Movement strategies and thoracic range of motion during dynamic mobilisation exercises

Research output: Contribution to conferenceAbstract


Dynamic mobilisation exercises (DME) have been shown to increase multifidus size and symmetry. Chin between fetlocks DME, resulting in flexion of the cervical and thoracic spinal regions, has been shown to have a short-term thoracic flexion effect of an hour. In clinical practice the movement strategies used by the horse to reach the food bait during flexion DME are seen to vary, which may affect efficacy. This study aimed to investigate the relationship between movement strategies and thoracic range of motion (ROM) in horses repeating chin between fetlock DME. Twelve horses (14.3±4.1 yr) with no history of back pain were videoed repeating chin between fetlocks DME nine times. Markers were placed on withers, lowest dorsal spinal point and T18 and change of thoracic angle measured with 2D kinematic analysis software. Movement strategies were categorised, frequency of occurrence recorded and association of movement strategy to ROM assessed with Spearman’s rho. The four highest frequency movement strategies observed were horses moving their trunks caudally (86.1%), carpal flexion ipsilateral to the handler (72.2%), wither lowering (55.6%) and stepping backwards (33.3%). The median thoracic flexion ROM was 15.1° (IQR 11.8-16.2°) and there was a significant negative association between ROM and movement strategies (rs(36)=-0.462, P<0.005). Horses with more movement strategies, such as carpal flexion, had less thoracic flexion ROM. Altered movement strategies may be a method of the horse reaching the bait without achieving the desired thoracic flexion. Therefore, identifying the cause of these strategies and assessment of clinical impact is recommended.Acute effect of an elastic resistance band system on vertical movement symmetry in riding horsesE. Persson-Sjödin1, A. Byström1, A. Pedersen2, M. Johansson2, E. Smidt2 and A. Bergh21Swedish University of Agricultural Sciences, Department of Anatomy, Physiology and Biochemistry, Box 7011, 75007 Uppsala, Sweden, 2Swedish University of Agricultural Sciences, Department of Clinical Sciences, Box 7054, 75007 Uppsala, Sweden; anna.bergh@slu.seIn horses, back pain is a reason for reduced physical performance. The use of an elastic resistance band system claims to increase the activity and movement symmetry of the equine hind limbs and improve core stability. The aim of this randomised crossover study was to compare vertical movement symmetry of the head and pelvis with the elastic bands, with a girth, and without gear. Seven healthy horses, the majority with mild vertical movement asymmetry, were measured in trot during lunging and on straight line, using an inertial measurement unit system. Data were analysed in mixed models. Significance level was set to P<0.05. Elastic bands increased asymmetry of pelvic maximal (PDmax) position compared to without gear (+1.4 mm, P<0.001) and girth (+1.5 mm, P<0.001), respectively, on straight line but not during lunging. Girth had small, inconsistent effects during lunging only (0.4-0.7 mm, P=0.007-0.002). The results indicate that the elastic resistance band system may cause a small acute increase in vertical movement asymmetry, but the clinical significance of this is uncertain as it was not investigated if this effect is long-term consistent. Further studies are need to determine the effect of longer use of elastic resistance bands on the symmetry of horses.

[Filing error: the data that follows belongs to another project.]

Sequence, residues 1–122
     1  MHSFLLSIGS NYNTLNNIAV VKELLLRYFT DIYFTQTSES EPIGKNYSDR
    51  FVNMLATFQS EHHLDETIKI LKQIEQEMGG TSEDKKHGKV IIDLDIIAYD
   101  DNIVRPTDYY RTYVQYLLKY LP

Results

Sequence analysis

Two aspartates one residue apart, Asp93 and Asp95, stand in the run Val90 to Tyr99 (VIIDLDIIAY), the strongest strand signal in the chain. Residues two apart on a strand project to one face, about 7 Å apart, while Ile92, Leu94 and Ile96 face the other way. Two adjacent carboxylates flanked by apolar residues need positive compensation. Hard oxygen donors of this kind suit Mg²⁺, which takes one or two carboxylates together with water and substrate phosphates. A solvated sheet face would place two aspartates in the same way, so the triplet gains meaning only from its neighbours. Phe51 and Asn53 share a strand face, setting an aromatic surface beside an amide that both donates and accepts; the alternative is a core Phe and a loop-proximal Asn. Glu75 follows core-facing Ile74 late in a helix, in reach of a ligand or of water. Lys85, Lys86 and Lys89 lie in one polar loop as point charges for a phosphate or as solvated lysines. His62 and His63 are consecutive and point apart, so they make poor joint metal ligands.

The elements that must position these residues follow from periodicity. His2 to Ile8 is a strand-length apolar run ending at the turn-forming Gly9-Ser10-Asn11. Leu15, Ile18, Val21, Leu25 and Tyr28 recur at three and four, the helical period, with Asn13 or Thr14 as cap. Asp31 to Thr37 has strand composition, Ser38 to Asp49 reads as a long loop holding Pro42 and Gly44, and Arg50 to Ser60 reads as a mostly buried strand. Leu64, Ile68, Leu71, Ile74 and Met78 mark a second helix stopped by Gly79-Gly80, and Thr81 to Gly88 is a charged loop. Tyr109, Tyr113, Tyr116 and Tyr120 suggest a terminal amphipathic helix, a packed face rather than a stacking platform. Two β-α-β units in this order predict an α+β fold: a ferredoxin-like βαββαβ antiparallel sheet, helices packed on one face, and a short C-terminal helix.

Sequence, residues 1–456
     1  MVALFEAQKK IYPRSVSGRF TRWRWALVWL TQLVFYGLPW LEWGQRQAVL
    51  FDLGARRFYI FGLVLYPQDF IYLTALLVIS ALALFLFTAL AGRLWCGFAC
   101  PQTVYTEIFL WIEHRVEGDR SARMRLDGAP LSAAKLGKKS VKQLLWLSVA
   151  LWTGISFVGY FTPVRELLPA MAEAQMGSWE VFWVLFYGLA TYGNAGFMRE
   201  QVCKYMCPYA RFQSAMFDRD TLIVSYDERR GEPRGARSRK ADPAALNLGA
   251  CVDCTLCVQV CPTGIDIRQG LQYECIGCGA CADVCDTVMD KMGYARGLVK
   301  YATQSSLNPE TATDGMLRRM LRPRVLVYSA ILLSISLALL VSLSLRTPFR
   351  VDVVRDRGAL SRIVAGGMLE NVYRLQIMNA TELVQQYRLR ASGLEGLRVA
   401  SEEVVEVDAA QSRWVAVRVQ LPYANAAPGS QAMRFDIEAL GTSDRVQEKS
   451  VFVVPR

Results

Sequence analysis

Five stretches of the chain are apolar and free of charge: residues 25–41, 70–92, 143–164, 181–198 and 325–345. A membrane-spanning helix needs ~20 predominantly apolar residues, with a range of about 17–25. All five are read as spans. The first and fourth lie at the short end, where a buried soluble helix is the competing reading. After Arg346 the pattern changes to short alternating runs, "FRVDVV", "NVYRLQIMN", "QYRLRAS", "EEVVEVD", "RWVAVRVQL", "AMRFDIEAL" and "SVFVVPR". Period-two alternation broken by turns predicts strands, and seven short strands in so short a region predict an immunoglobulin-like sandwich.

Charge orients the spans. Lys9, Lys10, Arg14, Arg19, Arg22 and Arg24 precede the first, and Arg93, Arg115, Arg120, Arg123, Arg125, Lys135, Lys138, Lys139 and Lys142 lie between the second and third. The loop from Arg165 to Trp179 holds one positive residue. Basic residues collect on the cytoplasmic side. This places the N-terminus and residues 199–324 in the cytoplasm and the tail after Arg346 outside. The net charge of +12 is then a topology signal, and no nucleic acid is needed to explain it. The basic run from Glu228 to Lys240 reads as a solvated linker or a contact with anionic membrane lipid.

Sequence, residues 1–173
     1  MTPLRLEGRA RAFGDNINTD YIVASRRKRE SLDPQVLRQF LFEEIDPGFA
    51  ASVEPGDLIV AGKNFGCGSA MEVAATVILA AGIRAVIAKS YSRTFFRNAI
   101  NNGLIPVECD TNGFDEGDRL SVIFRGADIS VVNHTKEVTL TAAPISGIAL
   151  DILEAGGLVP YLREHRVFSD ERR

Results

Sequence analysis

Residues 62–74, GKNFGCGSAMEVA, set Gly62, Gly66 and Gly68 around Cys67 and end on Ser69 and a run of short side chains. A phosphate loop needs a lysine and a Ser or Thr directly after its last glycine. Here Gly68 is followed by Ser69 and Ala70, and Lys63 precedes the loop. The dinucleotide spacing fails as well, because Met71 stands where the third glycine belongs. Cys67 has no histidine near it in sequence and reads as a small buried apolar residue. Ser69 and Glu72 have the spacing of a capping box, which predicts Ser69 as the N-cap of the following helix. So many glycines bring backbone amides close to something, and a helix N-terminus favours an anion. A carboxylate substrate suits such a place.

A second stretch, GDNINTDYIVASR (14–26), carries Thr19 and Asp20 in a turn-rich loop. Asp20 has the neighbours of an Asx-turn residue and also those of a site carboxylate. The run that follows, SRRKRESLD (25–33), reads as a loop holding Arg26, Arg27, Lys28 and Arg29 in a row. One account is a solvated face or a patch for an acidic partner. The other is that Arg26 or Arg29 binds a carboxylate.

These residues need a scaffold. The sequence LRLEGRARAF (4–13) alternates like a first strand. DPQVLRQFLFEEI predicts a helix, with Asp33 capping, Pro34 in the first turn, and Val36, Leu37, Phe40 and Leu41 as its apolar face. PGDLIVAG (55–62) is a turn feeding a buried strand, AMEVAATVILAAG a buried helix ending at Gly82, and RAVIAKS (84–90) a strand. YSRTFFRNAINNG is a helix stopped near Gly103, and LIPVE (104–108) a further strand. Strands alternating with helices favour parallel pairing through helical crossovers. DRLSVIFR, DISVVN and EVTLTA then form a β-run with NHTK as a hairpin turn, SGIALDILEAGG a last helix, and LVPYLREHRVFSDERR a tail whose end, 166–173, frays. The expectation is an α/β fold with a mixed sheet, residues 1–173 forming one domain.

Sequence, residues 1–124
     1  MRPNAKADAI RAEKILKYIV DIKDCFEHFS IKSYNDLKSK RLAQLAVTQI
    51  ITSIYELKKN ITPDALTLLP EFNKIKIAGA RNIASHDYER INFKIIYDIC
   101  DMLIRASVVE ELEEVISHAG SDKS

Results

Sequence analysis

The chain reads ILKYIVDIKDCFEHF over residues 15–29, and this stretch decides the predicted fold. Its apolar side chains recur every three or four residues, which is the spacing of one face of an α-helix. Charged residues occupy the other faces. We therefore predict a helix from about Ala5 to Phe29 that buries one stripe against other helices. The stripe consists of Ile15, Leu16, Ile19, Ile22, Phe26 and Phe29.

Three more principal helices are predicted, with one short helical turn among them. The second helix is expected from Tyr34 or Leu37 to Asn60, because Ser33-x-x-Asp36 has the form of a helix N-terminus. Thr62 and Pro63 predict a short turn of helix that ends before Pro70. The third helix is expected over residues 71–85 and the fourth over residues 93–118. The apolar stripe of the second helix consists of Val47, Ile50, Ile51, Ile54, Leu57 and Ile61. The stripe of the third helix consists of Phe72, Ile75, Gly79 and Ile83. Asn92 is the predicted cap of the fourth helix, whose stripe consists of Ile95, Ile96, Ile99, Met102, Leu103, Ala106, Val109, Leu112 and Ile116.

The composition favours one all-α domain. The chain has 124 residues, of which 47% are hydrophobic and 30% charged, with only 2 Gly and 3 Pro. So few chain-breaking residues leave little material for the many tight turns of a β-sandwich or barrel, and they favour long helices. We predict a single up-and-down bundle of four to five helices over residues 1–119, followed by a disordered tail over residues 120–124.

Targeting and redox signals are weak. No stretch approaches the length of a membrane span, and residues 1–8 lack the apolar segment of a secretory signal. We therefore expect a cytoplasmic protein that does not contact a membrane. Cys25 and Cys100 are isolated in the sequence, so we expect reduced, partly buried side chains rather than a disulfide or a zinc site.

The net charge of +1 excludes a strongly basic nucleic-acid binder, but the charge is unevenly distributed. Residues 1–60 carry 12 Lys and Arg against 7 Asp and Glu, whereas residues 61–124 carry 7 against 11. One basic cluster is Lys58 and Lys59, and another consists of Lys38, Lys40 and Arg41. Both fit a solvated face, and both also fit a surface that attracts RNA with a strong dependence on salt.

Original languageEnglish
Number of pages1
Publication statusPublished - Jun 2022
Event11th International Conference on Equine Exercise Physiology - Uppsala, Sweden
Duration: 26 Jun 20221 Jul 2022


Conference11th International Conference on Equine Exercise Physiology
Abbreviated titleICEEP2022


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